In Part I of this 2-part series, we discussed commonly used strategies that may be used to target Reduction of Frequency. Specifically; how health and safety management software has encouraged many organizations to refocus and rededicate their current-state EHS training management system. Also, continuous improvement efforts have greatly enhanced traditional approaches with the digitization of behavior-based safety software applications. All of these are significant contributors on the path of frequency reduction – but a focus on severity reduction may be approached in an entirely different manner.
As a Safety professional, I have been on both sides of this question and different arguments are presented by different stakeholders.
- Should your organization have a risk function that operates autonomously from the EH&S Function, the debate may be more focused on reduction of severity.
- Should EH&S align with an operational component, the benchmark may be slanted towards reduction of frequency.
Metropolitan areas across the U.S. saw temperatures drop to historic lows during the first week of 2018, as frigid Arctic air circulated through the Midwest and Northeast, according to data from the Southeast Regional Climate center published on the Weather Channel. With lows falling below zero, families forewent the outdoor activities usually associated with winter for safety reasons. However, many workers braved the dangerous temperatures and wind chills to perform critical tasks, risking their health to keep utilities up and running or roads clear. It is likely such work will be required again over the next two months. With this in mind, businesses with extensive outdoor workforces should prepare their workers for the frigid cold.
The end of a year is a time for companies to reflect, review and, inevitably, make business-orientated resolutions for the next 12 months. Irrespective of the size of an organization, the roadmap for 2018 will have been planned, with the expectation being that stated goals will not only be achieved before the end of 2018, but also contribute to a healthy bottom line.
Companies that fail to provide their employees with a safe working environment are leaving themselves open to both legal action and federal citations. As our work/life balance continues to skew toward the workplace, there is an expectation that employers should be taking safety as seriously as they do the bottom line.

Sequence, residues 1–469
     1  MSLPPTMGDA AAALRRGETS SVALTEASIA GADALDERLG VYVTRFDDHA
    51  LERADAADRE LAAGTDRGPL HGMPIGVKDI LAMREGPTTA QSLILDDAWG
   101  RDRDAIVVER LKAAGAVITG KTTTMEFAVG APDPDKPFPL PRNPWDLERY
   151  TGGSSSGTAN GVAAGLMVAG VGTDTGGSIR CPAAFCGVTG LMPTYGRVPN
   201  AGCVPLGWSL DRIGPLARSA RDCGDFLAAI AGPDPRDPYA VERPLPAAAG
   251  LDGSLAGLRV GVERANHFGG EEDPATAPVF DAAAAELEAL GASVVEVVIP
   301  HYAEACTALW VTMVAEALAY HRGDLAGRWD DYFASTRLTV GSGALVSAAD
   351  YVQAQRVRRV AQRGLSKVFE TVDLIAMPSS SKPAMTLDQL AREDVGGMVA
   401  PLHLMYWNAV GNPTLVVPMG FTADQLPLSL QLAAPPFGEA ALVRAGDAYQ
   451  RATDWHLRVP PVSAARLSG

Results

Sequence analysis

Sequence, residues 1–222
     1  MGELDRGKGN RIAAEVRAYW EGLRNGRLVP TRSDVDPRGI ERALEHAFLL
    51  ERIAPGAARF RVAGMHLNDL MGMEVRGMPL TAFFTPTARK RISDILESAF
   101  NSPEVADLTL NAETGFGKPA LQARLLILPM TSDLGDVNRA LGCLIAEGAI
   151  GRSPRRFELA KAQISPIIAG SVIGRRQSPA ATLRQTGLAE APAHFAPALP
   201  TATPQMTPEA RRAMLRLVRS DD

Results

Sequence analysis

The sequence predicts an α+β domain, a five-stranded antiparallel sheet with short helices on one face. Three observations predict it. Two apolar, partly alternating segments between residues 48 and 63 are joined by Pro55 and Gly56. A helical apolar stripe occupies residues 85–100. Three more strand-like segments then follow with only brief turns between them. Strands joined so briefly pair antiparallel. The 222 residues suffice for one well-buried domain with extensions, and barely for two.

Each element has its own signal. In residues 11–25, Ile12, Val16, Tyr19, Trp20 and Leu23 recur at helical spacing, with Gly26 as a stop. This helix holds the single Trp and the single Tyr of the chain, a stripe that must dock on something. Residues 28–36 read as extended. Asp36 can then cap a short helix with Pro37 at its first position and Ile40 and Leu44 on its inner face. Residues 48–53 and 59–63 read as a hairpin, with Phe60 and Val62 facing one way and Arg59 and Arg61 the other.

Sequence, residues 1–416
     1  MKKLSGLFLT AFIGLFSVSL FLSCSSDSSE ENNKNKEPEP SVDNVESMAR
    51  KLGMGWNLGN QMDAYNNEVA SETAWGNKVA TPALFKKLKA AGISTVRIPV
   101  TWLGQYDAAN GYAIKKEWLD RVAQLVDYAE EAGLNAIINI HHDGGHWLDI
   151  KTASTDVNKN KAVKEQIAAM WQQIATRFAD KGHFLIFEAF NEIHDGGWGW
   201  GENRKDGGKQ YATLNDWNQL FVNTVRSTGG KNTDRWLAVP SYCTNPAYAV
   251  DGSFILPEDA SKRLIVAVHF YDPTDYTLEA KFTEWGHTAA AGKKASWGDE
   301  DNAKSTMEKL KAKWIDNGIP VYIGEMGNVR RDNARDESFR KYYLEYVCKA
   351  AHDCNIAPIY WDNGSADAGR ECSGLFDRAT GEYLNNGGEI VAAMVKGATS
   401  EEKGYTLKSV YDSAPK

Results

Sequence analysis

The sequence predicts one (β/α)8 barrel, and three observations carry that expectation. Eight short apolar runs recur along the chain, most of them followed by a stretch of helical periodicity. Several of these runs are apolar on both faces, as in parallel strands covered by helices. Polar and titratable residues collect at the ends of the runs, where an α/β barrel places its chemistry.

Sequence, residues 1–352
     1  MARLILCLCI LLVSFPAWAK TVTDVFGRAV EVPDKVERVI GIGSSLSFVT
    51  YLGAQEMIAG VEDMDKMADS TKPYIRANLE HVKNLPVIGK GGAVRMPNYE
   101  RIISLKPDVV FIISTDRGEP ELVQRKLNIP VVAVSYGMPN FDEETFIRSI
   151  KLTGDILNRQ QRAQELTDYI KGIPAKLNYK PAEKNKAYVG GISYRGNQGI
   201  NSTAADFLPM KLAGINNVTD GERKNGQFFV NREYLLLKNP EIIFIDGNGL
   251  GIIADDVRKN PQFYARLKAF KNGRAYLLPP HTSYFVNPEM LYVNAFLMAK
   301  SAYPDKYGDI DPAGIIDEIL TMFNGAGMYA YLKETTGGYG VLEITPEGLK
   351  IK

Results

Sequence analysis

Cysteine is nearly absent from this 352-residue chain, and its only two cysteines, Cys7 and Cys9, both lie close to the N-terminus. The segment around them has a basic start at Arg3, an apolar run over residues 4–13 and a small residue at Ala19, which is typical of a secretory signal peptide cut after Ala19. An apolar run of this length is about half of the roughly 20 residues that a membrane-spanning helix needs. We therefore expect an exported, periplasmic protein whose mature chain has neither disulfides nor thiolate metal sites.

Representatives from the Occupational Health and Safety Administration recently announced the top 10 workplace safety violations for 2017. The agency personnel publicized the information during the National Safety Council Congress and Expo, as has become custom. Patrick Kapust, deputy director for the OSHA Directorate of Enforcement Programs, led the announcement and offered some historical context to the new data set, Safety and Health Magazine reported.
Construction workers face numerous physical hazards when navigating worksites. From multistory structures and moisture-slicked surfaces to overbearing power tools and large-scale industrial vehicles, builders encounter all manner of danger. While many employees in the industry manage to avoid sustaining injuries on the job, a significant number fall victim to various worksite hazards. In 2015, more than 930 workers were injured on construction sites, constituting approximately 21 percent of the all workplace injuries recorded that year, according to research from the Occupational Safety and Health Administration. While many of these builders succumb to some of the traditional dangers mentioned above, others visited hospitals due to an under-the-radar yet equally debilitating threat: respirable crystalline silica.
The Occupational Safety and Health Administration has amended its workplace injury reporting requirements numerous times since Congress passed the Occupational Safety and Health Act in 1970. In May 2016, the organization once again revised these regulations, releasing the "Final Rule to Improve Tracking of Workplace Injuries and Illnesses," which required enterprises to keep electronic records detailing all worker injuries sustained on-site and submit this data for public consumption. The new rule, which carried an implementation date of Jan. 1, 2017 and a record submission start date of July 1, 2017, was designed to promote transparency and arm environmental health and safety researchers with the insights they needed to develop actionable, data-backed strategies for reducing worker injuries and fatalities.
Businesses embarking on environmental health and safety improvement activities sometimes balk at the notion of implementing new backend tools, such as compliance auditing software, that catalyze EHS growth. Installation can require considerable time and corporate resources. In the end, EHS stakeholders are reluctant to commit to these expenditures in fear of implementing solutions that generate paltry return on investment. However, powerful, well-tested compliance auditing solutions like the one we produce at ProcessMAP can reliably deliver optimal ROI, ultimately paying for themselves not long after the implementation process has concluded. How?
As we close out Day 2 of our annual User Conference, we’re sharing more of the insights, discussion topics and key trends our customers, industry analysts and executives are talking about at the show. Check out our Day 1 recap if you haven’t read it yet.